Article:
The Edema Ruh (the name of which will always remind me of the terrible swelling I had during pregnancy) are Gary Sue style performers. Everything they do is described as so completely without compare that I don’t believe in them. They don’t make mistakes. They know every song and story that ever existed. They are flawless and boring.
Kvothe’s mastery of the lute and his song-writing are so heartbreakingly beautiful that he stuns everyone wherever he goes. But this doesn’t leave any room for people who don’t like the lute, maybe, or who prefer a different style of music. No. He is just amazing and everyone who hears him recognizes it instantly. And every time I read one of the songs he’s written, I am heartbroken. Heartbrokenly underwhelmed.
Similarly, Kvothe’s description of the love of his life is so over the top perfect (in Kvothe’s mind) that she is immediately disappointing when we meet her. And the problem is that what one person finds attractive may or may not jive with what another person finds attractive. We don’t all have the same taste in men/women, or music, or wine. There is no such thing as “the best,” nothing is perfect to everyone. It is self-defeating to describe anything so simplistically. These characters couldn’t live up to their own hype. No one could. And it’s not that Rothfuss isn’t up to the task, it’s that no one is. There is no perfect description of anything that will satisfy every reader. So don’t even try. Seriously.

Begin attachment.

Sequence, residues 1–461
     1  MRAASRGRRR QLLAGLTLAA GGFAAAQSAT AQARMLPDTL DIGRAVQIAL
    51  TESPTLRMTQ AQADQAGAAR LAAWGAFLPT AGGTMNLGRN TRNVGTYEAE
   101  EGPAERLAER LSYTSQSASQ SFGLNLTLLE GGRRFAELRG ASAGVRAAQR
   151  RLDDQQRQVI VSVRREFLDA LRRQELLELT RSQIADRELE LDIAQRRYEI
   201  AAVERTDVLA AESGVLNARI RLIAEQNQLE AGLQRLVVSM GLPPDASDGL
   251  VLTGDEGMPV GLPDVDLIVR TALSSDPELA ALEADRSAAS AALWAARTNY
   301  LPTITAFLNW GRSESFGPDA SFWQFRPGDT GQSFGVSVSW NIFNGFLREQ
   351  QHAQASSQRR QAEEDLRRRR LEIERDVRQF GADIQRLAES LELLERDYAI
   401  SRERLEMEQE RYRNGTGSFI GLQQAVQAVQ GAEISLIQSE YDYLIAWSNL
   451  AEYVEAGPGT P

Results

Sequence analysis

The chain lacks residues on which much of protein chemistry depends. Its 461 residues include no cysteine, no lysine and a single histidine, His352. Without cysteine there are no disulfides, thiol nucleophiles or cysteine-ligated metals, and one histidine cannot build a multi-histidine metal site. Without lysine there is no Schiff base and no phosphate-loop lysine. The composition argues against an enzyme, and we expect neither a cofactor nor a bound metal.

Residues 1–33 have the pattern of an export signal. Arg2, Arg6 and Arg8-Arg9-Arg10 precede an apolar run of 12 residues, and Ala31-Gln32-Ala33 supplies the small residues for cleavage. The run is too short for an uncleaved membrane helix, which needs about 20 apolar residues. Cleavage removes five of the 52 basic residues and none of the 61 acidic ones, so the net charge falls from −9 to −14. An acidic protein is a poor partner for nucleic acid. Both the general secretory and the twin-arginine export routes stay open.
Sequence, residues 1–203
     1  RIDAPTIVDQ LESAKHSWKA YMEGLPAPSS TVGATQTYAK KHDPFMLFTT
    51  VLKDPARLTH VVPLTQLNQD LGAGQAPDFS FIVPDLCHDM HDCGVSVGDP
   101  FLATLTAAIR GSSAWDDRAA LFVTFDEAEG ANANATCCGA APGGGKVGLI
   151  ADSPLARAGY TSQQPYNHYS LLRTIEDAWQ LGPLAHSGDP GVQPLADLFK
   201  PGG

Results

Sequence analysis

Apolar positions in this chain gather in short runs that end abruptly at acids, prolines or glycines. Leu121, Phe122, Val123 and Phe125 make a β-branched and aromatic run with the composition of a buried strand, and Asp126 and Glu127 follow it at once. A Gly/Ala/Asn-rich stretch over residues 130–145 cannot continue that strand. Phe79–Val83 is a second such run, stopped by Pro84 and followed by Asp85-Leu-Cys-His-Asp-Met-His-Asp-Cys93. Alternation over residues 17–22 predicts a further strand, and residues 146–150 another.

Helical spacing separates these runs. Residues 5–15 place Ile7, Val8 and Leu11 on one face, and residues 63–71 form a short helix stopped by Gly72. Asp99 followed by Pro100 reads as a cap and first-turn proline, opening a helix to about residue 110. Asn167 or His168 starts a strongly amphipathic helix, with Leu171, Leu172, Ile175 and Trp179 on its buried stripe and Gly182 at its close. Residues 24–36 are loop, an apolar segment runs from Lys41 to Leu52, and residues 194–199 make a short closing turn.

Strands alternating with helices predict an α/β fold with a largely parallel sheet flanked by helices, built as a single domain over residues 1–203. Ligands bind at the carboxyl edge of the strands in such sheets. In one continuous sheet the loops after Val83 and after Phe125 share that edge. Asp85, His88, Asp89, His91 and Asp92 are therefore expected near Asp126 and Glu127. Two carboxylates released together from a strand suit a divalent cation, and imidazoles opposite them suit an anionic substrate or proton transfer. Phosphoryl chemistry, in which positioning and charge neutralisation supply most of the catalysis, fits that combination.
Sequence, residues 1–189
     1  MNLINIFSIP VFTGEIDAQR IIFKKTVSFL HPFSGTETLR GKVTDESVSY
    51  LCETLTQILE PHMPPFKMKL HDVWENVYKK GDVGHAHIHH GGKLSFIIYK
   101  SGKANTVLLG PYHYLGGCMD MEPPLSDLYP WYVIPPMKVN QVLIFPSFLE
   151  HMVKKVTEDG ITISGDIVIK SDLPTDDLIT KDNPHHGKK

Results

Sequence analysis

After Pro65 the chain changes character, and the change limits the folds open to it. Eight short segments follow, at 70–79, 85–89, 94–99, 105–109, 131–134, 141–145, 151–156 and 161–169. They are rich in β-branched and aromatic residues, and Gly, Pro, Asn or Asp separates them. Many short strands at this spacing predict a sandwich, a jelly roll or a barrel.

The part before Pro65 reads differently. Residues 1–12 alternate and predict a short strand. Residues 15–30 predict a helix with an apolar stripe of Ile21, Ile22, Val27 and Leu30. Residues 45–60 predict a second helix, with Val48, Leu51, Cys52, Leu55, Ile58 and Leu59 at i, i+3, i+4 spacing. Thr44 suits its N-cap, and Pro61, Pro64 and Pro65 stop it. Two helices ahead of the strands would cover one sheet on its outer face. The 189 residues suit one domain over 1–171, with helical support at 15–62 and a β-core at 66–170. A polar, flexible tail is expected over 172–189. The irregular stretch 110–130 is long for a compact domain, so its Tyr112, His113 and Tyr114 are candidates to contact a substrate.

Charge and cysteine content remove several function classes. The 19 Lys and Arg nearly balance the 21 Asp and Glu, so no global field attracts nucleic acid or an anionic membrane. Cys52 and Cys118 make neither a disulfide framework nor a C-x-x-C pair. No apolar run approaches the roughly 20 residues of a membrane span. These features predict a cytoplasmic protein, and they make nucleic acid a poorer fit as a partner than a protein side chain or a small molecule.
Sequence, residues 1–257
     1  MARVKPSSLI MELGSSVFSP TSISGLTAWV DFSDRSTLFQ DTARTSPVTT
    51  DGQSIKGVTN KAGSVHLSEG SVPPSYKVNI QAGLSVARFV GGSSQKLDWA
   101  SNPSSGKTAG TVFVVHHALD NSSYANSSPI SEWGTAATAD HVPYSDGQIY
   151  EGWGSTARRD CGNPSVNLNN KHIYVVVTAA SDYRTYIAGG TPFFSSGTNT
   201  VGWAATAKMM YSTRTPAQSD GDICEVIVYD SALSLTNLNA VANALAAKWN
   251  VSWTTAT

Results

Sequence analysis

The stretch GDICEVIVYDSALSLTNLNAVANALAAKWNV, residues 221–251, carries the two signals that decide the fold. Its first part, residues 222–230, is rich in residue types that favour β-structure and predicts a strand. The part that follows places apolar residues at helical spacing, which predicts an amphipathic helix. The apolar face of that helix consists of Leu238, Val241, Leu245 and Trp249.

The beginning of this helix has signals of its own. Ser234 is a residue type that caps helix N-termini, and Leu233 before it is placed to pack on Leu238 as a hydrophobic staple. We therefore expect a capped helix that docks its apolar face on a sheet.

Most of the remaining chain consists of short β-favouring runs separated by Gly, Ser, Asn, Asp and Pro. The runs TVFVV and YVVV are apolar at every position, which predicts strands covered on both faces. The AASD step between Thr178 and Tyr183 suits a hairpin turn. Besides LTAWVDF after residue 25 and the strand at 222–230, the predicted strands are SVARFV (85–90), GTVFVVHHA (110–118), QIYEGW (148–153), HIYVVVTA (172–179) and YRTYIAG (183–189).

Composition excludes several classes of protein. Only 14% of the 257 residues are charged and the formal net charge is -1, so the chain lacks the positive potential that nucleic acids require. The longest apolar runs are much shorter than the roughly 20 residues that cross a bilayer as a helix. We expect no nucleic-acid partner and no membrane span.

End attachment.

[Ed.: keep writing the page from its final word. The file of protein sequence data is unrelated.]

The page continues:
Anyway, enough of the negatives. I want to get back to what I like about this book. Rothfuss has done a great thing in building this world. It may not be the most unique fantasy world ever created. And it doesn’t need to be. It is whole and believable. The magic works without becoming a convenient plot device (one of the few easy outs that isn’t taken advantage of, interestingly), the world mythology is rich and complex and integral to the story (this is a huge, impressive achievement), the characters are varied and interesting, the story is multifaceted and engaging. There are a lot of good things going on with this novel. Sadly, I really do feel like it’s a 5 star book hiding in a 2.5 star body.